The New Jersey Bag and Styrofoam Ban bill, A1978/S864, took a big step forward today passing out of the Assembly Appropriations committee. If passed by full senate and assembly, the bill will ultimately ban single-use carryout bags and polystyrene foam food containers, as well as require that single-use plastic straws be provided only upon request.
Pennsylvania Clean Water Fund is hosting a joint virtual fundraiser that brings together our Philadelphia and Pittsburgh offices to celebrate World Rivers Day. We hope you can join us!
Our live event features an awards ceremony recognizing Pennsylvania environmental leaders and a keynote address by Bob Wendelgass, Clean Water Action's President and CEO.
Registration for the free screening of Dark Waters is closed but you can still join our amazing panel discussion by registering today!
We need all hands on deck to elect clean water champions to the Pennsylvania General Assembly, the US House and the White House.
We need you -- volunteer to call voters! We're holding virtual phonebanks every Tuesday until the election, from 6pm-8pm edt.
The first step: Make sure you are registered.
The next step: Exercise your right to vote.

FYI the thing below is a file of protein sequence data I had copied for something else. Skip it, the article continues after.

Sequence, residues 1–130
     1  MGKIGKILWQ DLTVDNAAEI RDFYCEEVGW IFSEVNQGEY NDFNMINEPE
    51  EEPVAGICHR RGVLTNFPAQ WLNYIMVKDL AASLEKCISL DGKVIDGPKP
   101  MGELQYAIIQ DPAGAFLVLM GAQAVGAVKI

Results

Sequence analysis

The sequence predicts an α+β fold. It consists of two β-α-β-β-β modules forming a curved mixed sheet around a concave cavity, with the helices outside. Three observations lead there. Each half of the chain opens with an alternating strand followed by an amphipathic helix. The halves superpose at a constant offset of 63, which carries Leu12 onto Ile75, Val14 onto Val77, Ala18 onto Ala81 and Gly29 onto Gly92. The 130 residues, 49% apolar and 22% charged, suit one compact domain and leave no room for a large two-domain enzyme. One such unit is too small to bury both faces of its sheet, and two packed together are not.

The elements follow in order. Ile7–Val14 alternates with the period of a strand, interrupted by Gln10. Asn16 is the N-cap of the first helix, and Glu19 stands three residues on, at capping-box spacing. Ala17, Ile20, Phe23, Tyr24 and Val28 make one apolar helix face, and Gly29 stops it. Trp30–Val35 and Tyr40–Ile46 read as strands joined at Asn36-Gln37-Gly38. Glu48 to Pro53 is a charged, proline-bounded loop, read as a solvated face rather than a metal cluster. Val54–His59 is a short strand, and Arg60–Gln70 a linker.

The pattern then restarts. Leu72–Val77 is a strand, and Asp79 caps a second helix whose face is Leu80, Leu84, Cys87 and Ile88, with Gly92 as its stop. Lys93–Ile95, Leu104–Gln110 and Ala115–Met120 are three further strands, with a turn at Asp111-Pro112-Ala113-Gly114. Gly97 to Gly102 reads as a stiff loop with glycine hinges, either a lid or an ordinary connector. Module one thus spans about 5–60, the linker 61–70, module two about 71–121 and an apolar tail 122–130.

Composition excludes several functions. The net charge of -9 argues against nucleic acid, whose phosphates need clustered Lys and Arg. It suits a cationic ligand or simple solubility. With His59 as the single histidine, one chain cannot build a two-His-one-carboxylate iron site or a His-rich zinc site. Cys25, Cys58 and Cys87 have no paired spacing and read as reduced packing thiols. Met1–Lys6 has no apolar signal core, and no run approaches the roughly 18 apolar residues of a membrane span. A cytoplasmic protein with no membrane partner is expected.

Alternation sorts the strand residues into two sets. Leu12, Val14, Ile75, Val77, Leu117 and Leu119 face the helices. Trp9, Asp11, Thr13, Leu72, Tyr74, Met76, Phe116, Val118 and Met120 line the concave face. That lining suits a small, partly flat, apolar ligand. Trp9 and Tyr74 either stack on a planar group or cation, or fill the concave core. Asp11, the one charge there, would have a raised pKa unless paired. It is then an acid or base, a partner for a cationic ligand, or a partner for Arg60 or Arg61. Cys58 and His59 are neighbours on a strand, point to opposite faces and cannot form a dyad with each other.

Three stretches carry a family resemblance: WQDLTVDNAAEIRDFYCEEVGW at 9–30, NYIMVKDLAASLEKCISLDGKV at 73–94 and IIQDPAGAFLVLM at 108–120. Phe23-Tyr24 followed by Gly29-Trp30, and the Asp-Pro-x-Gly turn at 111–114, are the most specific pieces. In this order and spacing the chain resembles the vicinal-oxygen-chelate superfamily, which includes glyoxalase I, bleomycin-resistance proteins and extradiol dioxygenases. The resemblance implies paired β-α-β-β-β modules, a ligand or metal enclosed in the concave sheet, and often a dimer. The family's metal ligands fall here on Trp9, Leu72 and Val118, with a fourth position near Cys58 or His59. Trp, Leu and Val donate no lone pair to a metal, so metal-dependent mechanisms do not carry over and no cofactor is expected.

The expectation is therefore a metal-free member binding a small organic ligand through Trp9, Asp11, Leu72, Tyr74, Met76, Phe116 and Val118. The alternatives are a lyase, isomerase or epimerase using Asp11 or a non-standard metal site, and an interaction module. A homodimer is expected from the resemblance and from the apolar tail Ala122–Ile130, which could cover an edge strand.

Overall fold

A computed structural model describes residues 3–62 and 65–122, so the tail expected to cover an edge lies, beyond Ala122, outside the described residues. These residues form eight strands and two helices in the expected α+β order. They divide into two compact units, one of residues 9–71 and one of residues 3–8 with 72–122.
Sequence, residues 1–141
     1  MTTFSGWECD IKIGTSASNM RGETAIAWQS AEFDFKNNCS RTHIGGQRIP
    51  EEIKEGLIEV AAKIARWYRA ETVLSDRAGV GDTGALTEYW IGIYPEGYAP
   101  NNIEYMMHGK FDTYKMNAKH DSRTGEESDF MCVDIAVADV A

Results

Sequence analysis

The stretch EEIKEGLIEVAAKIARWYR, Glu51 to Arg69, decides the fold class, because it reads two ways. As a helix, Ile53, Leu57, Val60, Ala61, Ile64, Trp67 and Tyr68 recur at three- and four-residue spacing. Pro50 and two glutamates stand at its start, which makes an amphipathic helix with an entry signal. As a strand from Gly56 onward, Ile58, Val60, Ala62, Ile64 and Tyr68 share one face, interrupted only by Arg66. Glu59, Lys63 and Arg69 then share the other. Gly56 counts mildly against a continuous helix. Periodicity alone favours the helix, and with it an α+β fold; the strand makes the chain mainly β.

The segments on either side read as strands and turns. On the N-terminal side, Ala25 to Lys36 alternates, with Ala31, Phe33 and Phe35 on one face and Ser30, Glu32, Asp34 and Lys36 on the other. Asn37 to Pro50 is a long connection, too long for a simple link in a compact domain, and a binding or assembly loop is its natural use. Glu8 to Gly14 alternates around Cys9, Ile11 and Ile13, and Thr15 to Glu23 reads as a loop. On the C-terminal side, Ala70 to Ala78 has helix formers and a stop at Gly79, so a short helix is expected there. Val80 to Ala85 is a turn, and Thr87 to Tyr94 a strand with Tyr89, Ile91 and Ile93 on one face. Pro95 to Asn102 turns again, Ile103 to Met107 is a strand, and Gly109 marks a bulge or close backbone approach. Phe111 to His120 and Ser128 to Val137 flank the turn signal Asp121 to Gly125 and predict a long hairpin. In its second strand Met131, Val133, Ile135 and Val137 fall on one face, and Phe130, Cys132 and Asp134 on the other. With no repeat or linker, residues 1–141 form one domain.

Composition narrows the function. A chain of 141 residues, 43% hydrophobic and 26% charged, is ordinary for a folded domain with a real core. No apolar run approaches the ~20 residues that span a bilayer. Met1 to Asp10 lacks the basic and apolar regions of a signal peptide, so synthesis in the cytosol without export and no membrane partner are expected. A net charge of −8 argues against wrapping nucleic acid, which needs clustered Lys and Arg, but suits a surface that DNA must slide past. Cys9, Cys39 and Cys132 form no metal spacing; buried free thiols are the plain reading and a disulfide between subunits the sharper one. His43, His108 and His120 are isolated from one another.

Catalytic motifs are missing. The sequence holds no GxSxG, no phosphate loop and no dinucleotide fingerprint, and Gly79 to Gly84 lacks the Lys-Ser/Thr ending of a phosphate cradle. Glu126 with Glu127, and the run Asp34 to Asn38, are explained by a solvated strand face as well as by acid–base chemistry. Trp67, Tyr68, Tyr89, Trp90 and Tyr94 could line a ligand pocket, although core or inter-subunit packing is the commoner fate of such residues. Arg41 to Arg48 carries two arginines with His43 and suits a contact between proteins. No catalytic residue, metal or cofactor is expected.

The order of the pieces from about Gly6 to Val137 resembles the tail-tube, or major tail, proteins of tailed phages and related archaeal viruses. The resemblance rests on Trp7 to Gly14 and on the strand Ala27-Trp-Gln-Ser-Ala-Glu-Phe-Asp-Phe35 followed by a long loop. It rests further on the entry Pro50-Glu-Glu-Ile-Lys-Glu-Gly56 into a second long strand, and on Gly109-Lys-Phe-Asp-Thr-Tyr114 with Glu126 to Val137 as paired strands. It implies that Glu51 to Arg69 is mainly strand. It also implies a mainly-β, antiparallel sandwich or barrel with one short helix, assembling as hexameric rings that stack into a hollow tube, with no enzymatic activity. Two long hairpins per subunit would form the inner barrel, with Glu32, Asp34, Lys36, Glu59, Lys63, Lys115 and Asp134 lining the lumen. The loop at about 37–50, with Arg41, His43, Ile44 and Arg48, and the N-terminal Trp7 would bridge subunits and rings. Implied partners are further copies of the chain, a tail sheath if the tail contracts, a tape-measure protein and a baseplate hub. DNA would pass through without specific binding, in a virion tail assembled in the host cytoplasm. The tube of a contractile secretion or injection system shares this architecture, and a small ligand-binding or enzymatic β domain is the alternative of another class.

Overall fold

The final step: Volunteer to call voters in one of the most vital battle ground states -- Pennsylvania!
Albany NY, Trenton NJ, Harrisburg PA, Dover DE and Washington DC -- The lead advocates against all fracking related activities and infrastructure in the Delaware River Watershed issued the following joint statement today in response to the Delaware River Basin Commission (DRBC) virtual meeting decision this morning to: 1) delay a decision on whether or not to approve permits for the proposed controversial liquid natural gas (LNG) New Fortress Energy Gibbstown, NJ port so the Commissioners could further assess the voluminous record and take a “careful look” at complex issue
"We can’t afford to let Mitch McConnell keep operating a legislative ‘graveyard’ in the Senate -- we need to act on climate, protect our water, and end environmental racism now"
Global warming and a changing climate will continue to have disruptive and unpredictable effects on both our drinking water sources and communities. Climate change is water change. Some places will experience increased frequency and intensity of rain, floods, and sewer overflows. Other areas will experience frequent droughts, water scarcity and increased fire risk. These changes can disproportionately affect underserved and communities of color—those already facing significant health and economic burdens.